Sunday, April 26, 2015

How close are you to the Business Side of Your Organization?


I know a certain project manager (PM) who I will refer to as "Bob."
Bob seems to have a knack that other PMs do not have. Bob listens to the business side of his organization and he acts as if he owns his projects as if they were his own business.  Basically, Bob introduces himself as a partner of the business to not only the project sponsor, but the whole project team.

So how does Bob do this?

Bob listens to what clients are saying in meetings

Bob keeps his ears and eyes open during project meetings, but not just these meetings. Bob makes it a point to read the client and have a good line of sight of what makes the client happy or uncomfortable when it comes to the actual project. However, in these meetings, the client may begin discussing future needs and possible projects. That’s when Bob LISTENS to the whole message and discussion. The next move that Bob makes is critical. Instead of stating anything publicly in the project meeting, Bob meets with the client lead or the client sponsor who made the statement(s) and asks for additional information and clarification.

Once confirmed, Bob then contacts his direct manager and the client manager, who both need to be aware of this opportunity. Once those individuals are notified, Bob makes every effort to have the client agree to a meeting with those interested parties as quickly as possible. Bob stays in the middle of this effort and is seen as the catalyst both by his organization and, more importantly, the client.

Bob listens to the project team

Bob also listens to his project team for information regarding a client's business climate. Bob is close to the Business Analyst and/or the Technical Lead, who hear the “gossip” from the client's employees. These individuals may have information that could predict possible future scope creep on a current project that would necessitate a change request or information that could lead to a new project. Bob delivers this information to his direct manager and the client manager, as I mentioned above. Once this is done, Bob approaches the client sponsor with this information to see if he can schedule a meeting with the interested parties as soon as possible.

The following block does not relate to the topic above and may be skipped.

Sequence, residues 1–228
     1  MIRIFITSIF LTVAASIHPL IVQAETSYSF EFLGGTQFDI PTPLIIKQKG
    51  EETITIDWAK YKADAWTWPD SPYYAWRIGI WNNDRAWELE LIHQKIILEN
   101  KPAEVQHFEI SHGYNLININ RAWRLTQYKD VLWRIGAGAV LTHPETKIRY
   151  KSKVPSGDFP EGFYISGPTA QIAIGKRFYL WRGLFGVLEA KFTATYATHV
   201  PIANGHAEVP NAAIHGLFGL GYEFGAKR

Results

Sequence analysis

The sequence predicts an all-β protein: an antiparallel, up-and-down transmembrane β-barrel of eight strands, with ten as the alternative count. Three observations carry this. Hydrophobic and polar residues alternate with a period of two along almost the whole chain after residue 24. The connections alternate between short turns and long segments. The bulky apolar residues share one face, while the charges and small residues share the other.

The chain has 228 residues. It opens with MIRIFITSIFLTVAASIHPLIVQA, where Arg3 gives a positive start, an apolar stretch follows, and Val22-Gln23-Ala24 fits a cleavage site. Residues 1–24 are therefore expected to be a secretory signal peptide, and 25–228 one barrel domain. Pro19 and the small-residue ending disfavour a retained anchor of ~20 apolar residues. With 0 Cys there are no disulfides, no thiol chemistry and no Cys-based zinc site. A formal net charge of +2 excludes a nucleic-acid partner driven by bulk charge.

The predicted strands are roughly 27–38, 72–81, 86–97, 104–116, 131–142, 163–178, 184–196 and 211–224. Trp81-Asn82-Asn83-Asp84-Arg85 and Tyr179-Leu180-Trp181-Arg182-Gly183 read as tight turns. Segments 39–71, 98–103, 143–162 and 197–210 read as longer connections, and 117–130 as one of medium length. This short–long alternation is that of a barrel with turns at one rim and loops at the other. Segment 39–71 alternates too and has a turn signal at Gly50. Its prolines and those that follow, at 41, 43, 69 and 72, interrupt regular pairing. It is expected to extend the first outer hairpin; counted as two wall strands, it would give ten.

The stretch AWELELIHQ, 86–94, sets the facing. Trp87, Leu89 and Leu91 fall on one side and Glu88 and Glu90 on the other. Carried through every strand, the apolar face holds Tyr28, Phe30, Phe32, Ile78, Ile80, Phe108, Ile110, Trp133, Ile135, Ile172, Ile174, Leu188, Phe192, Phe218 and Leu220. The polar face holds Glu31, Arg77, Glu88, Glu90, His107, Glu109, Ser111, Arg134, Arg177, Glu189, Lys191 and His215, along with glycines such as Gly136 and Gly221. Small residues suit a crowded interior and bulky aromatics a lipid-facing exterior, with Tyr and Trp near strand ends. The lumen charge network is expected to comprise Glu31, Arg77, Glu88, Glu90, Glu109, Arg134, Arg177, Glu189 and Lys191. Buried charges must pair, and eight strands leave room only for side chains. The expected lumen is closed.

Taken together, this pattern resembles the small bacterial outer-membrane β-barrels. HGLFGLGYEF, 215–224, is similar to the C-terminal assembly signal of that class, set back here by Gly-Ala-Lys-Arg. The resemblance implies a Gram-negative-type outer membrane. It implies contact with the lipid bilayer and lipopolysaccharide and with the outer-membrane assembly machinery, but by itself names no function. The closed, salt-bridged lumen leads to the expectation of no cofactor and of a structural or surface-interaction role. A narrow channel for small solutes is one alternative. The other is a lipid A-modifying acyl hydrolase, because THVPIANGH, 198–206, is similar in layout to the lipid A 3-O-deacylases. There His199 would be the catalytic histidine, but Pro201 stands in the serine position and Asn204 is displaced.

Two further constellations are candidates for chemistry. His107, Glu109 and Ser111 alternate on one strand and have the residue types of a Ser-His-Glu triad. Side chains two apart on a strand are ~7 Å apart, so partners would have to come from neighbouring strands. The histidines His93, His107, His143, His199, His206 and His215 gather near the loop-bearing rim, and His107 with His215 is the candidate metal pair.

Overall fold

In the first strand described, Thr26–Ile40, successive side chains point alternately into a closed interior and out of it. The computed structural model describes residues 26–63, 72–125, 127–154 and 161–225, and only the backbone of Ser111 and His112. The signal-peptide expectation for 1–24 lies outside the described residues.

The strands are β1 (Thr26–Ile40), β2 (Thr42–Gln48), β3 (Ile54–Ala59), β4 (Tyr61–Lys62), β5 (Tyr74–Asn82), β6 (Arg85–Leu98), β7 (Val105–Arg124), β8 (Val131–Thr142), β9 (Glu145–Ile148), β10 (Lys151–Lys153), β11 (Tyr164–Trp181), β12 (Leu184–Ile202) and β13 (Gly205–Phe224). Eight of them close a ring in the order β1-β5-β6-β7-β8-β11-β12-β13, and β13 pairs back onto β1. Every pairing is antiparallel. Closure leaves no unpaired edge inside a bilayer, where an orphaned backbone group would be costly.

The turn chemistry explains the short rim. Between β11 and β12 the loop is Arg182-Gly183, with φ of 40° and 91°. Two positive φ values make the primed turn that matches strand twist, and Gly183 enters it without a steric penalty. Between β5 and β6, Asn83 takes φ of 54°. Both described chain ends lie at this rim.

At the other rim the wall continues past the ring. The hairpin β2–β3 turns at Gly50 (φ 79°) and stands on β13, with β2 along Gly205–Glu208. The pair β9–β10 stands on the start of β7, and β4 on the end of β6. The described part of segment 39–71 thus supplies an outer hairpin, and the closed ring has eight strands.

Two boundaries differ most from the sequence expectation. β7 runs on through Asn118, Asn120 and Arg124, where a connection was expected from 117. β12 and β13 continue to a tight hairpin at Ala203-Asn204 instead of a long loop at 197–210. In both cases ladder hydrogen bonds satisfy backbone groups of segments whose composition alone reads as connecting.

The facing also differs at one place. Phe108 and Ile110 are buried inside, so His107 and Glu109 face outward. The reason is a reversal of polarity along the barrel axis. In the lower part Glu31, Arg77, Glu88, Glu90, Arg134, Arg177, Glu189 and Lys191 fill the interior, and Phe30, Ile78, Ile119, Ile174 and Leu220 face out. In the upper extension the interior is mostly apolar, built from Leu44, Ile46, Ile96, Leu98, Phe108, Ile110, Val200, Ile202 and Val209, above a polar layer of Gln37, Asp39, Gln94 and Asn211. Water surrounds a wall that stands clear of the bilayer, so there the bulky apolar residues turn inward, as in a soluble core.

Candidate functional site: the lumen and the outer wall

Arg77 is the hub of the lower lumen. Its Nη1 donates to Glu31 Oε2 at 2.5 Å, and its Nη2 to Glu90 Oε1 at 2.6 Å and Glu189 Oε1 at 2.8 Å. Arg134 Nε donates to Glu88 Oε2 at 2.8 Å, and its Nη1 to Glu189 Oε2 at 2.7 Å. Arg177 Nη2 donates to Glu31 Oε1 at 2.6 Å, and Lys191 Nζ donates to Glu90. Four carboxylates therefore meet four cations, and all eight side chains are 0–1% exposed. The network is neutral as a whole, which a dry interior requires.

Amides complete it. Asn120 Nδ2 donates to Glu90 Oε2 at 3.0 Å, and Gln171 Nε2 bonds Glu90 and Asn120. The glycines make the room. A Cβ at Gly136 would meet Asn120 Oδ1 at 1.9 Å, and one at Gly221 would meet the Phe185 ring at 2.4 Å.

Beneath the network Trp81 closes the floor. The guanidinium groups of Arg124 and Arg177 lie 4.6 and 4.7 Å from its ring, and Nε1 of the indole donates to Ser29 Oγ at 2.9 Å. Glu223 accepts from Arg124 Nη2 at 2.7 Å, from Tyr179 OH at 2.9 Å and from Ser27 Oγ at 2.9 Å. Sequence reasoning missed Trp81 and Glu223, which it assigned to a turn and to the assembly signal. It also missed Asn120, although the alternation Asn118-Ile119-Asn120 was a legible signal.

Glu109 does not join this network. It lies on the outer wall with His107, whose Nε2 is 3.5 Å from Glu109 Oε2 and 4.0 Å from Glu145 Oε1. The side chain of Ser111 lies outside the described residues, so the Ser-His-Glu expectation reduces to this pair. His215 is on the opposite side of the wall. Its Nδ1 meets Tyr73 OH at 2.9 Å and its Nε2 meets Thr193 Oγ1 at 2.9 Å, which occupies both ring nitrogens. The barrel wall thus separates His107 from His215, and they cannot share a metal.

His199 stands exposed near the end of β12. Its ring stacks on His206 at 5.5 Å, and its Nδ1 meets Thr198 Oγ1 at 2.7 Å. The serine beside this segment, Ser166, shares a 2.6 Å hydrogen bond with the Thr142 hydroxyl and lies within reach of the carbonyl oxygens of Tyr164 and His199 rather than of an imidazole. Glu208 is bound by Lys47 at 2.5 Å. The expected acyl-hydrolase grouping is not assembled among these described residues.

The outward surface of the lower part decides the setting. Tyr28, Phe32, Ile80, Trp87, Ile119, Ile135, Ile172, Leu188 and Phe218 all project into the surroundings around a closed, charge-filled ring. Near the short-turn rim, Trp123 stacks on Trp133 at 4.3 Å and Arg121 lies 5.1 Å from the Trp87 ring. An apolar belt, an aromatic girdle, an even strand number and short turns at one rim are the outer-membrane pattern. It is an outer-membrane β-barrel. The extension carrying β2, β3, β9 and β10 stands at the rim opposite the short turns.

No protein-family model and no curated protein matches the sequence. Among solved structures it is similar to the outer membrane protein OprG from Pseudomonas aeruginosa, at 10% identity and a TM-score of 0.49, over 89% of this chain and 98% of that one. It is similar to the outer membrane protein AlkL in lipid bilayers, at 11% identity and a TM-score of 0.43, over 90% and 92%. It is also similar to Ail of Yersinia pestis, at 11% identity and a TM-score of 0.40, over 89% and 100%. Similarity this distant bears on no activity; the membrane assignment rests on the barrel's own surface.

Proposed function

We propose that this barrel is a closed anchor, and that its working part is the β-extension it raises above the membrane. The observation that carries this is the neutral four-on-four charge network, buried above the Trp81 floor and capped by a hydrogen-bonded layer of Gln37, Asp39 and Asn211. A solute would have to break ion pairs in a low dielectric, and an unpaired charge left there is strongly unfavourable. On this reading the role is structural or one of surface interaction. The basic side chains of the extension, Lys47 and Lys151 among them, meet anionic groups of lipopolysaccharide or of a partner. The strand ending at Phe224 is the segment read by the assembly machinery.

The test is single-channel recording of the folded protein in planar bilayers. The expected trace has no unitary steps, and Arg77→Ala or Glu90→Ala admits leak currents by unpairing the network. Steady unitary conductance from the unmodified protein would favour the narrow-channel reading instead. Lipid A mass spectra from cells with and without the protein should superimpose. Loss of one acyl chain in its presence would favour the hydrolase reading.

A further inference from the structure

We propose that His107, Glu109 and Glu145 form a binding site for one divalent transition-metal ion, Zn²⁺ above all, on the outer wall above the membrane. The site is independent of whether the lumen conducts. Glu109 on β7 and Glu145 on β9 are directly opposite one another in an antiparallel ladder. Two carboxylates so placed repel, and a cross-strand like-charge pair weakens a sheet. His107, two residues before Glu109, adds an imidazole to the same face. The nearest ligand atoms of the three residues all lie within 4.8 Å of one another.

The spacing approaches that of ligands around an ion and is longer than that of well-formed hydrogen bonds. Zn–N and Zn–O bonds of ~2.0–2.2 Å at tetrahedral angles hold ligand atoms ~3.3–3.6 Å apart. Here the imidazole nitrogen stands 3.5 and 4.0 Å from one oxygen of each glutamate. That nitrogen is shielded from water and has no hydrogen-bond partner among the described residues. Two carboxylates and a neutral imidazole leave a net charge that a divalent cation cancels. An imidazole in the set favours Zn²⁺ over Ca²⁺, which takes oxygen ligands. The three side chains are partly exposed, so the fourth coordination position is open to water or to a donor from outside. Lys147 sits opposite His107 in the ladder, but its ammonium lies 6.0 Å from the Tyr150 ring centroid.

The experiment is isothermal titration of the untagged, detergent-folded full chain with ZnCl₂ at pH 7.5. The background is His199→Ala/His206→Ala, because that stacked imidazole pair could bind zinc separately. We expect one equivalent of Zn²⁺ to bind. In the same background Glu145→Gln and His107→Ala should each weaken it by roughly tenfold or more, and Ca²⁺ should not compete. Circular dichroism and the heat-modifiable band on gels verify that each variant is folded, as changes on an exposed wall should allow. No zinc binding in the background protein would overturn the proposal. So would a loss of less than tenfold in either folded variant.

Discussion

Bob reacts quickly to the news

Time is of the essence when new information is received. This information may grow “cold” quickly and the opportunity to bring in additional business may be lost. Bob understand that the current project is why Bob is there in the first place and that project is going to be referenced by the client organization. If the project is going well and is in the green, then Bob’s management team will have an advantage to gain additional work from the client organization.

Conclusion

So what Bob brings to the table is his ability to listen and watch what the client and the project team say and their body language. Bob also uses his project team as his ears and eyes while he is not around and uses that intelligence to benefit both his organization and the client for additional services that brings a solution to a problem. 

I am open to discussion at any time on these blogs or anything else related to project management you would like to explore. If you would like to comment about this blog, please do so by posting on this blog or by responding in an email at Benny A. Recine. You may inspire a blog article. I look forward to your comments.